Tuesday, 20 July 2010

The Sacred Pool

The Sacred Pool
Acrylic, approx 12" x 17".
Original artwork for sale.
© Fantasy Flight Games/Games Workshop.

Fantasy Flight Games have just announced the release of the latest Talisman boardgame supplement The Sacred Pool , which in turn means that I can now share my cover artwork.

The image follows a similar format to The Reaper and The Frostmarch, featuring a strong central figure, with three heroes in the foreground. However this time we have a 'goodie' as the main character, and a full scene, rather than a movie poster-style collage.

I have enjoyed working on the whole Talisman series, it is always great to be associated with one particular product, especially when it is painting the covers. This is one of my favourites so far, maybe because it was a slight change of pace to do something 'softer'.

Tuesday, 13 July 2010

One Good, Two Better! - the Cloneforge process.

My second component card in the Doomsday Machine was Ignite The Cloneforge and I also took photographs of this painting as it progressed. Here follows a walkthrough of my painting process.

Masked and Washed.

My first step was to mask off the Cloneforge with some masking film. This meant that I could get some nice big loose brushstrokes onto the background without worrying about the integrity of this part of the image. I loosely applied a wash across the whole page in a blue/grey tone. This helps give a base underpainting to work into and fixes the graphite.

The Background.

I had already decided that the Dragons would be Red and Blue, and therefore opted for a complimentary indigo-ish shade for the background. However the colour was deliberately desaturated, and the contrast very low, so that the focal elements would stand out clearly against the background. I also faded the elements out towards the bottom of the image. The lack of clutter would help the wires and cables I would be painting there to read clearly, plus it helped create the sense of a large space.

Foreground Elements.

As with the background I painted the foreground cogs and gears with low contrast, and deliberately looser marks. Again this would help keep the focus where I wanted it; tighter rendering and high contrast help attract the eye. I also opted for dark values to seperate these elements very strongly from the background. Although the Cloneforge has no rendering at all yet it is already crying out to occupy that middle ground.

Mapping Out

The foreground has had some highlights added. it needed a little bit more attention than the background, and this has also helped define the features somewhat.

I have then made first pass on the Cloneforge. Red and Blue for the Dragons ties them in with the overall background colour scheme, but also gives them huge contrast with each other. The brass of the device itself then contrasts nicely with all the surrounding elements.

As with the first wash at the start of the painting this pass fixes the graphite, and provides a basic layer to paint into.It also allows me to see the colours clearly mapped out. At this point if I didn't like the interaction of these colours I could  make chnages. Later on it would become a lot harder.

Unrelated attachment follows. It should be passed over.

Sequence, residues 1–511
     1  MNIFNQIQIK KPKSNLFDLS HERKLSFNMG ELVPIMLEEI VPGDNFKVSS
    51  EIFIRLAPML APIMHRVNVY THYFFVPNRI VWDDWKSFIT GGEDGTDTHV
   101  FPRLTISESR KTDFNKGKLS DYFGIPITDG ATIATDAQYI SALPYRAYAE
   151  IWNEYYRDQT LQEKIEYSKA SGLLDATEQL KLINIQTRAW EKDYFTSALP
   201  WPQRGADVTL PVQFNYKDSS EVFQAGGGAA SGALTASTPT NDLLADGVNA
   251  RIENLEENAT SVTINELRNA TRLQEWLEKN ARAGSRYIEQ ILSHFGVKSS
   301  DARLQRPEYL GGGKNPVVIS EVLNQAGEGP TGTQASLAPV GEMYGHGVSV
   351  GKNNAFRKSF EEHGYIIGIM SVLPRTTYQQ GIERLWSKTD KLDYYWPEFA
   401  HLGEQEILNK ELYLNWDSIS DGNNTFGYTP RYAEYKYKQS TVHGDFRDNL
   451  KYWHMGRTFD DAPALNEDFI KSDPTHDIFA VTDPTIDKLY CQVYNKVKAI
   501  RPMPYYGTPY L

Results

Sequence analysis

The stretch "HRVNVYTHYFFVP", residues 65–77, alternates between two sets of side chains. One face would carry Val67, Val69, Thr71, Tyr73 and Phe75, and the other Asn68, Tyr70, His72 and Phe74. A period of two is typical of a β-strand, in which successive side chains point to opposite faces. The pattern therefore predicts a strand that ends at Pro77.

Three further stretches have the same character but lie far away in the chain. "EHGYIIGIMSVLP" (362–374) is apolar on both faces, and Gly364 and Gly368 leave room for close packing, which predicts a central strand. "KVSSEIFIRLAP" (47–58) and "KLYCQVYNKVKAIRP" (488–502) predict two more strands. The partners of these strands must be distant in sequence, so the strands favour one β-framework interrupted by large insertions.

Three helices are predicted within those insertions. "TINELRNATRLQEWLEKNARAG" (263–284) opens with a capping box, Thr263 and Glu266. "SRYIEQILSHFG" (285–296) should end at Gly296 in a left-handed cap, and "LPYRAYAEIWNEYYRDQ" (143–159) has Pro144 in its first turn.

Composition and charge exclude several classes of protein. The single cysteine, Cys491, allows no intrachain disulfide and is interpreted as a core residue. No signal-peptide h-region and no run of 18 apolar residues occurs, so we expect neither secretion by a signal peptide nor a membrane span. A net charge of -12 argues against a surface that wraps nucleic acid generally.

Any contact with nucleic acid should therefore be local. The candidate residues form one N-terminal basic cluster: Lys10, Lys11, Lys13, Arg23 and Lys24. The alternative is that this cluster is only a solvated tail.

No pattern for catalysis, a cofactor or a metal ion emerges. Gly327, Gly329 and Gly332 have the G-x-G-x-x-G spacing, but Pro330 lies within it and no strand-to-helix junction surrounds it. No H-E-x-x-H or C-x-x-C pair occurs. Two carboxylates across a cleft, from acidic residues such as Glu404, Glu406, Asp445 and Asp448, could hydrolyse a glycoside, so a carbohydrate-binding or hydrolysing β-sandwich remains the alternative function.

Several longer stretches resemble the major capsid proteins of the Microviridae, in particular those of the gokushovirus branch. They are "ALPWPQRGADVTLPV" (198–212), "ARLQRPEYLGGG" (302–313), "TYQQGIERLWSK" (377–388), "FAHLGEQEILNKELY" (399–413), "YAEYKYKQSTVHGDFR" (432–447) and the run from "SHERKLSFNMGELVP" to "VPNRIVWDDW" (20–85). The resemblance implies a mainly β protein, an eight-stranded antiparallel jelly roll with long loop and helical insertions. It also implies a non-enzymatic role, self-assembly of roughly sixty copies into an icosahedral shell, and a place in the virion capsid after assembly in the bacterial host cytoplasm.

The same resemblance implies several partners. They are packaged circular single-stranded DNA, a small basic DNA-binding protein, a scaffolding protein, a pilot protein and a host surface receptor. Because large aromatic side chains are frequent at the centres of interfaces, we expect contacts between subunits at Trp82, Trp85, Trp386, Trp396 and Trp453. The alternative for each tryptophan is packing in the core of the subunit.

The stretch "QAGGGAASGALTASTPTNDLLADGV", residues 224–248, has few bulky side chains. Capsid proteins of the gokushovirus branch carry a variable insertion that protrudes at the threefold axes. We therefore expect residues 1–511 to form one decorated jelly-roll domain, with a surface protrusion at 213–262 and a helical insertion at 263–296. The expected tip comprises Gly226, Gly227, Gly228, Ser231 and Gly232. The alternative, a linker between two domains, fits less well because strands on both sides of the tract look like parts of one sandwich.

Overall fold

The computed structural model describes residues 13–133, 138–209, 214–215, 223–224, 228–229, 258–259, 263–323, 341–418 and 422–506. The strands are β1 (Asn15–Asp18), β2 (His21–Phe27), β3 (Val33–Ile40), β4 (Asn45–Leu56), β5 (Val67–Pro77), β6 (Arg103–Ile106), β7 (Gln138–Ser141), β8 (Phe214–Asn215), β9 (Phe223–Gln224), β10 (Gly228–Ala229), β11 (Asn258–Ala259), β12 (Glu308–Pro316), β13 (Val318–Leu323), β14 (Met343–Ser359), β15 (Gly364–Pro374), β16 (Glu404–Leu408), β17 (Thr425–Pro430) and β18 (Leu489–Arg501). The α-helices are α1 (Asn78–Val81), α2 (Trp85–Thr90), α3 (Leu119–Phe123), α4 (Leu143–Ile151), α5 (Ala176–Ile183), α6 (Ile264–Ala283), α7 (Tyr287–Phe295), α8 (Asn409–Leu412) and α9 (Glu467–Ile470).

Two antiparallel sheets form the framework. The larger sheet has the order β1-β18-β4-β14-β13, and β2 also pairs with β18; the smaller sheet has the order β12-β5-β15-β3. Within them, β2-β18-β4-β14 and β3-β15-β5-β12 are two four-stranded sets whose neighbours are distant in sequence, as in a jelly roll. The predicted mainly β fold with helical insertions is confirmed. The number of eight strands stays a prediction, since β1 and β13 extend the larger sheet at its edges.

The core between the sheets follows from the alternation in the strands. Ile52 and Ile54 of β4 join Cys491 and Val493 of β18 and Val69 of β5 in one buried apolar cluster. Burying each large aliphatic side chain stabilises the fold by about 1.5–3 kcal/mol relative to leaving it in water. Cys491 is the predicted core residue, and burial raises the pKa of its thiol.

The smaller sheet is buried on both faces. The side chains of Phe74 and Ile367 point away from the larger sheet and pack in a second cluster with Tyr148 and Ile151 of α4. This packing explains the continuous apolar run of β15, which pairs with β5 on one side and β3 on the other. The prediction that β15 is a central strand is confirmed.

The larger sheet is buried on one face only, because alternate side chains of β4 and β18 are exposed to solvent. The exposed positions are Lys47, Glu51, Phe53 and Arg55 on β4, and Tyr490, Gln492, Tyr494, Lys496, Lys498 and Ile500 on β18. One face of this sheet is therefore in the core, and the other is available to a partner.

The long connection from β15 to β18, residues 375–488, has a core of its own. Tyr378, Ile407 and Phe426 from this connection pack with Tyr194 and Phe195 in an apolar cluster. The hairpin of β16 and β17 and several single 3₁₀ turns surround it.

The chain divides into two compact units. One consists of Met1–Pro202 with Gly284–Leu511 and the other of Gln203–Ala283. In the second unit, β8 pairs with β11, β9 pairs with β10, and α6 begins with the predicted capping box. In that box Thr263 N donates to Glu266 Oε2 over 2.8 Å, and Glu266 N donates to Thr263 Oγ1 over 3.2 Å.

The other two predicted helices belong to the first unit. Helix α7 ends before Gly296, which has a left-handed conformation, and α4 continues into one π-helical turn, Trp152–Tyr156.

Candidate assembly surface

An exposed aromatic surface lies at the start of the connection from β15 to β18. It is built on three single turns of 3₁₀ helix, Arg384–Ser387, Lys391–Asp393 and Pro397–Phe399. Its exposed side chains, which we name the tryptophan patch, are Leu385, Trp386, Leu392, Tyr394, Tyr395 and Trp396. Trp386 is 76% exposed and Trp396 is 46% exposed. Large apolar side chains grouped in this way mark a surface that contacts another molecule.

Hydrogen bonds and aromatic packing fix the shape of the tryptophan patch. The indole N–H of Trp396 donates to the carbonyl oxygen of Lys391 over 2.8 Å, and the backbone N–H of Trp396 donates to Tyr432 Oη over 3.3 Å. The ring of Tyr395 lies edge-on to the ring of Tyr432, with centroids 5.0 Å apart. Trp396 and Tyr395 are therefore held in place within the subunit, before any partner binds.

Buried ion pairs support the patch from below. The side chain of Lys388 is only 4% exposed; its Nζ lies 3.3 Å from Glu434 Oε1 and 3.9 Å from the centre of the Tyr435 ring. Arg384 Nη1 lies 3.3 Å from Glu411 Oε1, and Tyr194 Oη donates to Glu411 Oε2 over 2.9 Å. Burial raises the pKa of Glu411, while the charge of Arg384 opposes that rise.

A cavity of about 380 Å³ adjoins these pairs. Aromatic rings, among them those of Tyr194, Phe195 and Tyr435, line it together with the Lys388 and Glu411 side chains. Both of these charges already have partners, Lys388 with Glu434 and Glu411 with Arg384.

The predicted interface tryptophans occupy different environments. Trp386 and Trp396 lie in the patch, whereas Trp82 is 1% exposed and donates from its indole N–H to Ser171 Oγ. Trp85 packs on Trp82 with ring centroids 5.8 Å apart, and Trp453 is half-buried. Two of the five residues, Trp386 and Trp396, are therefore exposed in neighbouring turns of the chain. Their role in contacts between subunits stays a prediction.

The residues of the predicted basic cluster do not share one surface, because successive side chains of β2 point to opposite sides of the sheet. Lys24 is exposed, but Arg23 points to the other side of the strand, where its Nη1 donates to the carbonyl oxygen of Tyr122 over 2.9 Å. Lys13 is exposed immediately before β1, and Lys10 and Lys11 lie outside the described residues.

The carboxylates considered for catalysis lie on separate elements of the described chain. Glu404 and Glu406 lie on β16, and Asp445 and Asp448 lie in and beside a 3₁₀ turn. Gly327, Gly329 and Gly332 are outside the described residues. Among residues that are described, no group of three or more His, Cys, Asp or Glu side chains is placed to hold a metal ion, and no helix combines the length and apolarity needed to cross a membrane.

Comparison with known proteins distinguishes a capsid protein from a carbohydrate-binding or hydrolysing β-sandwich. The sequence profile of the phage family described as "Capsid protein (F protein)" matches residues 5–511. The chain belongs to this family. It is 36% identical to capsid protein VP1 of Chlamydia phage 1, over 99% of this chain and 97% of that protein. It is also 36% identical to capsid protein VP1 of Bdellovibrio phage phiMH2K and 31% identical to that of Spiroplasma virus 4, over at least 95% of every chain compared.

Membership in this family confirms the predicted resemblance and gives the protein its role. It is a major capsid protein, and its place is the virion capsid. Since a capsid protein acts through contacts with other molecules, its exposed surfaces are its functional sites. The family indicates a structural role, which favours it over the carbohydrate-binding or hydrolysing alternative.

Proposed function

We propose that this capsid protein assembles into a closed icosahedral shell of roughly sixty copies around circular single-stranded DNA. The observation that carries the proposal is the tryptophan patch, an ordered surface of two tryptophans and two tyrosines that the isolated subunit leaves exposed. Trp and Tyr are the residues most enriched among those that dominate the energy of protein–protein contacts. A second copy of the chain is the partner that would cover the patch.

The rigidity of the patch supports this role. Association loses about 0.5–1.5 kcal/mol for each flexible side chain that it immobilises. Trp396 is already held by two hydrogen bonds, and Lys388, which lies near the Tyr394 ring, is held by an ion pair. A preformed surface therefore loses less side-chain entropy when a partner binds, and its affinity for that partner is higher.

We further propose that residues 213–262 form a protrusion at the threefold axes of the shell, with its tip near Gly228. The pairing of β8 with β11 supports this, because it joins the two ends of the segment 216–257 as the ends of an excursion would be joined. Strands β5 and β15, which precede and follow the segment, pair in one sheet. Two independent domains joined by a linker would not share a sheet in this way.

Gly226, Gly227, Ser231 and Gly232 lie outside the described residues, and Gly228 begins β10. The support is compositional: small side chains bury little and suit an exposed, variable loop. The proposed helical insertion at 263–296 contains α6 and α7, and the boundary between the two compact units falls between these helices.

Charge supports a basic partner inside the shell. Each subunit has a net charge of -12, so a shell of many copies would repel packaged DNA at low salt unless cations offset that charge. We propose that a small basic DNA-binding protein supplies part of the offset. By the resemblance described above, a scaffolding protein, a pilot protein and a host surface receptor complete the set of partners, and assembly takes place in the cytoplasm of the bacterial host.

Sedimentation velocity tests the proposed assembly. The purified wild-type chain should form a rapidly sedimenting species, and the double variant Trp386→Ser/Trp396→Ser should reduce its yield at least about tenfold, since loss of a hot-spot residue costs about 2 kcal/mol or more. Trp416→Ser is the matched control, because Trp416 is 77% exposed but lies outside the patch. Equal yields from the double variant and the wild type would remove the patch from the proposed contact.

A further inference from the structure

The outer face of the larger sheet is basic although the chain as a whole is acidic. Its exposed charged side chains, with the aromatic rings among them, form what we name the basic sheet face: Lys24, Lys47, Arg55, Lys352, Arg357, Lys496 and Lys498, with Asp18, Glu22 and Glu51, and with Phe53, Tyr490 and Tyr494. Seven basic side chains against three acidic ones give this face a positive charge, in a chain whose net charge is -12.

Dragon Cloned.

The Dragons have been rendered, and I am beginning to make inroads on the Cloneforge itself. The colours appear quite saturated in contrast to the fore/background elements, and this aids their readability.


The Cloneforge is nearly finsihed, and the additional cables have been painted in. The latter deliberately fan out in all directions, helping place the Cloneforge in it's own space. The details are tightly rendered, and the contrast between them and the foreground features is very noticeable.


Finally I add in the walkway. This is almost a silhouette with the same colour scheme as the rest of the foreground. It helps add further depth and scale, especially when one picks out the figure at the control panel.

Scanned, Tweaked And Approved.

Acrylic. Approx 14" x 19.5"© Wizards of the Coast.

Monday, 5 July 2010

How it came together

Whilst painting 'The Pieces Are Coming together' I took a number of photographs of my process. I am presenting them here in chronological order.

As is usual for me I worked from back to front, with the strongest highlights, from the magical effect, being added last.

The Pieces Are Coming Together

Acrylic. Approx 14" x 19.5"
Original Artwork for Sale: £500
© Wizards of the Coast.

Friday, 2 July 2010

Doomsday Machine

The Pieces Are Coming Together
Acrylic. Approx 14" x 19.5"
© Wizards of the Coast.

Wizards have recently published a new set of Magic cards that follow an unusual design. These are the 'Archenemy' decks, and their unusual quality comes both from their oversized nature (these are BIG cards), and that in play several players gang up in an attempt to defeat the one Archenemy.
I had the pleasure of working on two cards; Ignite The Clonotron and The Pieces Are Coming Together. These both feature in the deck Assemble The Doomsday Machine and depict magical machinery of awesome scale and ability.

Ignite The Clonotron
Acrylic. Approx 14" x 19.5"
© Wizards of the Coast.

The designs have a further distinction from normal Magic cards as the explanatory text box is semi opaque. This meant the image needed to fill the entire card space, thus the portrait, rather than landscape, aspect, whilst ensuring the image would still read clearly. This explains why the focus is weighted heavily to the top part of the illustration.